Neal Broten, shown here at the 1981 Canada Cup, is Roseau high school's most famous graduate.
Welcome to hockey heaven.
The town of Roseau, Minn., is home to about 2,700 people, yet it boasts three indoor rinks – that’s one for every 900 people in town.
One arena is run by the city, one is run by the local school and the third, named The North Rink, is a grassroots effort run by volunteers.
Teams can practise at North until 7 p.m. each night. After that, the youth of Roseau are free to engage in “open hockey.” Kids of all ages take to the ice and play as many as three games simultaneously on one sheet of ice.
It may sound like bedlam, but it’s also hockey in its purest form.
For Scott Oliver, head coach of the Roseau Rams high school team, it’s simply music to his ears.
“When I’m on the ice with my team for practices, it’s structured,” Oliver said. “But hockey players are developed during unstructured time.”
Maybe that’s why the town of Roseau isn’t like other small towns.
Maybe that’s why 90 years after a settler named Martin Braaten first laid claim to land in the area in 1890, a Roseau graduate by the name of Neal Broten was helping his nation’s hockey team stun the Soviet Empire out east in Lake Placid.
Maybe that’s why, despite having a tiny population and being pretty much as far north in Minnesota as possible, former NHLers and Ram alumni Bryan Erickson, Earl Anderson and Neal’s brother Aaron all came back to coach minor hockey in town.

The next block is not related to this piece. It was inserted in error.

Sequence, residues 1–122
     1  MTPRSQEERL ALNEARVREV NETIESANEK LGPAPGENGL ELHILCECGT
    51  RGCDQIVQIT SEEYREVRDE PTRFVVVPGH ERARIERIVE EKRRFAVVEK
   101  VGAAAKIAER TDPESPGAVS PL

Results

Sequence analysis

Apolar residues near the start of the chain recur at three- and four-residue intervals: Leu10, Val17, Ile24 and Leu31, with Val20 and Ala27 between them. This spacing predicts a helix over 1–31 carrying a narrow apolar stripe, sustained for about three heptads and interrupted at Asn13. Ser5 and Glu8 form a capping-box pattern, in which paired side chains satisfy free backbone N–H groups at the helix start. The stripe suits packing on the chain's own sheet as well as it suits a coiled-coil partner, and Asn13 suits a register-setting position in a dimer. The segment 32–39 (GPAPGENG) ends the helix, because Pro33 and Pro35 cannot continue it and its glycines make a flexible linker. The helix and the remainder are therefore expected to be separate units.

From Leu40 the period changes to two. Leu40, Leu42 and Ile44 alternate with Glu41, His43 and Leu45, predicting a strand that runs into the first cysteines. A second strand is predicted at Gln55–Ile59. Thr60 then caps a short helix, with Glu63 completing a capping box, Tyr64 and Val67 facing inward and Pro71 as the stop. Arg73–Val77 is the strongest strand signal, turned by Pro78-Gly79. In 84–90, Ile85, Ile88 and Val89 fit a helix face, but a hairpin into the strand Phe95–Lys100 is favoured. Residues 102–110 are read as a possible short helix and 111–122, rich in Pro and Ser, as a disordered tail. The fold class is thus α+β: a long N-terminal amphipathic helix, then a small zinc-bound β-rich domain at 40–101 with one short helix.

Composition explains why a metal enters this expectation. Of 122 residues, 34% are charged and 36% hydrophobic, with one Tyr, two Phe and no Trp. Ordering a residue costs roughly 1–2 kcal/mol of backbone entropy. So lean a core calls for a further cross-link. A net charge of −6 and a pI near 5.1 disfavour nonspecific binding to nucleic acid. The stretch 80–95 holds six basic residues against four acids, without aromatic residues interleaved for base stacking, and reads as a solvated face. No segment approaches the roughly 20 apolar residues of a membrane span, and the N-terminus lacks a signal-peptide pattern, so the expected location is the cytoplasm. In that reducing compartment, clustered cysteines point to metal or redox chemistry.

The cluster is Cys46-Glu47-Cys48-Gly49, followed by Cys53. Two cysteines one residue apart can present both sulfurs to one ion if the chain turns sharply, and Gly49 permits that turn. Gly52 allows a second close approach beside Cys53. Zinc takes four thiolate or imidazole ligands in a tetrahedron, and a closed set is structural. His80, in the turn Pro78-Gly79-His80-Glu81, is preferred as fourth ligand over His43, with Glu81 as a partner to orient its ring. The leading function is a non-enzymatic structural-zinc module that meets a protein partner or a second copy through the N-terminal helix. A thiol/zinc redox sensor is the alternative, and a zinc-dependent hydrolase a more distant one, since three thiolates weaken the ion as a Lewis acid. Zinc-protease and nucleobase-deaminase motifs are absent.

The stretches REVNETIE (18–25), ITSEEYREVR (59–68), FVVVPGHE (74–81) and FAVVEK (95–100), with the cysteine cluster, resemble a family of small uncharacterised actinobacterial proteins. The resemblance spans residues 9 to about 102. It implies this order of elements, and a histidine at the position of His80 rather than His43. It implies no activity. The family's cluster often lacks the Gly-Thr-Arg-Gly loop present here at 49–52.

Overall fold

This town is built on hockey.
And that’s why this year, The Hockey News will be following the Roseau Rams high school hockey team every week, chronicling its journey on the road back to the state championship and providing an inside look at what its like to be a teenager on one of the most fabled varsity teams in America.
From the fans who jam the rink past capacity anytime Roseau plays archrival Warroad, which is just 21 miles to the east, to the volunteers who keep the North running, the people of Roseau expect commitment and they expect to see some good hockey.
Maybe that’s why the Roseau Rams have won the Minnesota state high school championship a record-tying seven times, including last year.
And it’s not as if the powerhouse Rams have taken the easy road. In Minnesota, schools are classed as either A or AA, based on factors such as size and enrollment. The big boys play AA.
“We’re a single-A school size wise, but we opted up to AA,” Oliver noted. “You can opt up, but you can’t opt down. I think that’s a testament to our commitment.”
It’s also a testament to the freakish ratio of hockey talent in town; the enrollment at Roseau High is just 410 students.
Next week, coach Oliver will hold tryouts for this year’s Rams team. Of the 410 students at Roseau High, 42 boys are expected to give it a go. Those who don’t make the senior team will play junior varsity.
The only boys cut will be seniors with no chance of making the top squad. If there are injuries or any problems with grades, the JVs act as the farm team.
This year’s edition will almost certainly be led by Team USA U-18 defenseman Aaron Ness and Nick Oliver, a 6-foot-1, 200-pound power forward who is also the coach’s son.
Ness, a junior this year, has already verbally committed to the University of Minnesota, while young Oliver has verbally committed to St. Cloud State.
The season opener is Nov. 27, when the Rams travel to Thief River Falls to begin their title defense. And the town of Roseau will not give up that title willingly.
“People in this town expect to win,” Oliver said. “And I love that type of environment.”